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Claire Wasserman, founder of the group Ladies Get Paid, had a simple goal of starting a space for women.

She wanted to give women a place where they could ask salary negotiation questions and feel at ease sharing career-related concerns. That was 18 months ago.

Now, Wasserman leads the for-profit company that trains women leaders, organizes events and conferences around the country and gives them a space to talk about salaries, mentorship and other workplace issues. In 2017, Ladies Get Paid hosted 160 events nationwide. Wasserman dedicated her work life to the project, quitting her job over a year ago to better invest in her start-up group.

Her intentions were not well received by everyone. Seven months ago, Wasserman had to weigh her options after Ladies Get Paid was sued for gender discrimination. Would she have to shut down her fledgling company, or would she be able to financially soldier on? It was a difficult ordeal she wasn’t permitted to publicly talk about until now.

“I started the group because I didn’t feel like I had a place I could go to about some s**t I was going through at work,” Wasserman says. “What is negotiating? How do I negotiate? I had these awkward networking experiences where I really felt objectified by guys.”

A week after starting a Slack group for these questions, Wasserman quit her job. “I could instantly see other women were experiencing this, too.”

Members from the National Coalition for Men, a group that “addresses the ways sex discrimination affects men and boys,” were turned away from two Ladies Get Paid events aimed at women and non-binary individuals. At an August happy hour in San Diego, organizers turned away a man they didn’t recognize. At a September town hall in Los Angeles, two men were turned away. Two of the three men later filed two lawsuits.

One of the men even came to another event to serve the lawsuit to one of the Ladies Get Paid organizers just as she had taken the stage, publicly humiliating her.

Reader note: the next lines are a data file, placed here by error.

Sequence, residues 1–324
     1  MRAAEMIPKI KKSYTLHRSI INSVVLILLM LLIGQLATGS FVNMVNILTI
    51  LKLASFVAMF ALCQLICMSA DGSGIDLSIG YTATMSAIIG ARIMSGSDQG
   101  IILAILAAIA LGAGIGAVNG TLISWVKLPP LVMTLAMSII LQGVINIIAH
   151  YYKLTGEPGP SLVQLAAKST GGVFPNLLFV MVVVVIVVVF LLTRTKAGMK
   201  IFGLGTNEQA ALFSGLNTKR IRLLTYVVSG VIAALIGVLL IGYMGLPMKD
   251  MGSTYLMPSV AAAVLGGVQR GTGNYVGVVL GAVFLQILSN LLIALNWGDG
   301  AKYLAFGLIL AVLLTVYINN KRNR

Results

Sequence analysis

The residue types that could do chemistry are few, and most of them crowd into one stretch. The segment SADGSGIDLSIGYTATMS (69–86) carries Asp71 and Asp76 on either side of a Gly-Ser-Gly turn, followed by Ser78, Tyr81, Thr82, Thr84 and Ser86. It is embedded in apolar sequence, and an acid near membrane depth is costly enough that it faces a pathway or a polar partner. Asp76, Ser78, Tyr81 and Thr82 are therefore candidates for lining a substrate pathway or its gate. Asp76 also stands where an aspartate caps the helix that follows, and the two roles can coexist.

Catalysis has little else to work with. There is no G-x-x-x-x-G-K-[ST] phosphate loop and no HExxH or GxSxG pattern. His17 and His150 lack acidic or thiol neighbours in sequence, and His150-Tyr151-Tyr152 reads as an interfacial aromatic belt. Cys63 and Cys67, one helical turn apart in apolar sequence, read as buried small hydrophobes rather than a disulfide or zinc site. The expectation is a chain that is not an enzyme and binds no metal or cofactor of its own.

And that’s when Wasserman almost lost Ladies Get Paid.

Under California’s Civil Rights laws, excluding men from these events qualified as gender discrimination. Wasserman and Ladies Get Paid were sued, as were the six volunteer ambassadors who organized the events and the two sponsors who hosted them. The two different suits spread over several months and Wasserman was stunned by the legal challenges facing her and her team.

“This had all been predicated on giving women space to open up to each other,” she says. “If there were men in the room or in the Slack, we would censor ourselves or the conversation would be different.”

In response to the suit, she says she changed the group policy to open the events to all genders and informed 19 chapters throughout the country to do the same. The updated policy remains in effect.

Eventually, Wasserman settled. In the meantime though, Ladies Get Paid racked up hefty legal fees. A fundraiser she launched on Tuesday asks for help to offset the costs.

She wonders why her small start-up, which is largely run by volunteers, was targeted by the men’s rights group. “I think that they believe in what they’re doing,” she says. “By giving women a benefit, I’m therefore discriminating against men. But the kind of work I’m doing is to equalize the playing field. That’s why I give women benefits.”

“Now that women are getting loud with workplace rights and #MeToo, they feel threatened,” says Wasserman. “Their response to that is to try to get us to be quiet. I don’t think this is going to stop anytime soon. It’s why we need these spaces in the first place.”

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